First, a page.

A diverse group of 69 swimmers held hands Saturday as they floated in Lake Michigan off the shore of 31st Street Beach in remembrance of one of the city’s darkest moments — the deadly race riots of 1919.
Near the same spot on a warm and sunny afternoon exactly 100 years earlier, a 24-year-old white man began throwing stones at a group of black boys whose only crime was inadvertently crossing an imaginary line in the water that separated white and black swimming areas at what was then 29th Street Beach.
When black 17-year-old Eugene Williams fell into the water and drowned, his death became a flashpoint for the riots, which left dozens killed and hundreds injured before they were quelled.
“This history isn’t something that’s discussed in your typical history books,” Jordan Rome, who took part in the event, said. “It’s important to have these conversations because that hidden history is extremely intentional.”
The show of unity at the beach, organized by two artists who have toured the country commemorating the riots, was one of several events around the city Saturday to examine and reflect on their legacy.
“I think an argument can be made that what happened here in 1919 at the beach and in the week that followed is just as impactful in shaping Chicago as the Chicago Fire was, where you get a completely different city with and without the event happening,” according to Lee Bey, a photographer, author and journalist who formerly worked as the Chicago Sun-Times’ architecture critic.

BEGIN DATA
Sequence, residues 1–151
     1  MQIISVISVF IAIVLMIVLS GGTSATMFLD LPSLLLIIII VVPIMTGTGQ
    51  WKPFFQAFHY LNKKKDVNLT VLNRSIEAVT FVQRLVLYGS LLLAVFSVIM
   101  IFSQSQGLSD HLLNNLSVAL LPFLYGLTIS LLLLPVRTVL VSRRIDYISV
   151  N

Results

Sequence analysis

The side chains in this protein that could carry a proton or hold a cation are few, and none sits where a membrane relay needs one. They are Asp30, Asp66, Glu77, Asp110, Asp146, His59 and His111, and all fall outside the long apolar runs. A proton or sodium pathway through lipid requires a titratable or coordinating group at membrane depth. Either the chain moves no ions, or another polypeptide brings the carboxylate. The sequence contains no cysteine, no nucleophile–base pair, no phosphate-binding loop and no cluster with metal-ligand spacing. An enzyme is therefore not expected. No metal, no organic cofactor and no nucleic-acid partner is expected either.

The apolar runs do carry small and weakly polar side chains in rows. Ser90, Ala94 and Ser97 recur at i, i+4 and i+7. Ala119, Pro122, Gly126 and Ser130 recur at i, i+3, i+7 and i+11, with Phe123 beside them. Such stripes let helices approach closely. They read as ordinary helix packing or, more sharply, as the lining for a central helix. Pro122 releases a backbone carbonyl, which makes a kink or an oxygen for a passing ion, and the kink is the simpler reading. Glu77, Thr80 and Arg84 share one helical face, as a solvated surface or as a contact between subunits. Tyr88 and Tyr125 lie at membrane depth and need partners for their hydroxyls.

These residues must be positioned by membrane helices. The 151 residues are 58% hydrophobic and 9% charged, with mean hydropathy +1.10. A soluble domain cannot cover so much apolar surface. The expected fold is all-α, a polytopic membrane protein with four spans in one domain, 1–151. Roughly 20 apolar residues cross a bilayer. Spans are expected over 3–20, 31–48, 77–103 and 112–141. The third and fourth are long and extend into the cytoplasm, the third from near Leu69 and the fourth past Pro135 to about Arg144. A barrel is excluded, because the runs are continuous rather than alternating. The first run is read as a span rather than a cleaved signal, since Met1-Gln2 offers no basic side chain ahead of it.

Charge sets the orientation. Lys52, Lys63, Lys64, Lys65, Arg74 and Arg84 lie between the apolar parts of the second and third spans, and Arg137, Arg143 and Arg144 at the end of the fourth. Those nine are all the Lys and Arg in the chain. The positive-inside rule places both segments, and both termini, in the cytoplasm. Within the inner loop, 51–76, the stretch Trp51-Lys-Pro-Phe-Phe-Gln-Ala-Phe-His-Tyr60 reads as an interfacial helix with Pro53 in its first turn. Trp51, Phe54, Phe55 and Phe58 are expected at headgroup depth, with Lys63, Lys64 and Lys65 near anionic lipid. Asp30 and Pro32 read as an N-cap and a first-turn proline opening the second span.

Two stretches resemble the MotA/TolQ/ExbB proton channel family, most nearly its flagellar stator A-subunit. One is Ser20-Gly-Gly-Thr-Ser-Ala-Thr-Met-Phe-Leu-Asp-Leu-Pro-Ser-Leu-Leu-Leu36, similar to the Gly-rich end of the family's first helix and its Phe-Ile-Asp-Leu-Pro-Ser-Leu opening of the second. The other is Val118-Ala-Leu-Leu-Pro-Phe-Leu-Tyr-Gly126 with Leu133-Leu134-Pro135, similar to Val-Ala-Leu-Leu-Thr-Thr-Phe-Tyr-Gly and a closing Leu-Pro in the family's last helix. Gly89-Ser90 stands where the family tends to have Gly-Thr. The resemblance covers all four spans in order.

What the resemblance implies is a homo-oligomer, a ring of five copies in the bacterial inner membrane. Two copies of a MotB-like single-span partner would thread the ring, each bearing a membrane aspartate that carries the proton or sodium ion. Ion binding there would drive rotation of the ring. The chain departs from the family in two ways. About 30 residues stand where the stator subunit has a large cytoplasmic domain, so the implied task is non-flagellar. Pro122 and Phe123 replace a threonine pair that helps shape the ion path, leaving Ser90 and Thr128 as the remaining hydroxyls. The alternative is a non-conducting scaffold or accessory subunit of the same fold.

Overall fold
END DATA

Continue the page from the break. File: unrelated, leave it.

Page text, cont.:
Bey and others, including Ald. Pat Dowell (3rd), spoke about the riots and their impact at an event Saturday at the Illinois Institute of Technology in Bronzeville, which featured a 30-minute lesson on Chicago history leading up to the riots.
While similar outbreaks of bloody violence occurred across the country in what became known as The Red Summer, Chicago stood out in its resistance. When angry white mobs around the country attacked, injured and murdered groups of African Americans in the summer of 1919, Chicago’s black population fought back.
Black men in the city who had come home from fighting a war for their country — and who quickly realized they would be treated no differently than they had been before they went overseas — put up a defense against the violent mobs of white men rioting their communities.
Yet, as seminal of an event as the race riots were, most in the city have never heard much about them, let alone learned about them.
“While it happened 100 years ago, the factors that led to that still exist with us today,” Dowell said. “I think it’s really important that we understand our history and mark our history.
Speaking about the influence of the riots, Bey said the systemic segregation in their aftermath continues to shape the city today.
Bey cited as examples the building of the Dan Ryan Expressway as a tool to keep apart black communities on the east from white neighborhoods on the west; the history of redlining, which allowed white homeowners to prohibit the purchase, lease, or occupation of homes in their neighborhoods by African Americans; and more recently, school segregation and closings.
Mayor Lori Lightfoot, speaking Saturday at the annual Bughouse Square Debates at Washington Square Park on the Near North Side, echoed Bey’s connection of the riots to issues the city continues to struggle with.
“Yes, we have made progress,” Lightfoot told a crowd of a few dozen. “But not nearly enough. Our work to create a more equitable and just society has to continue.”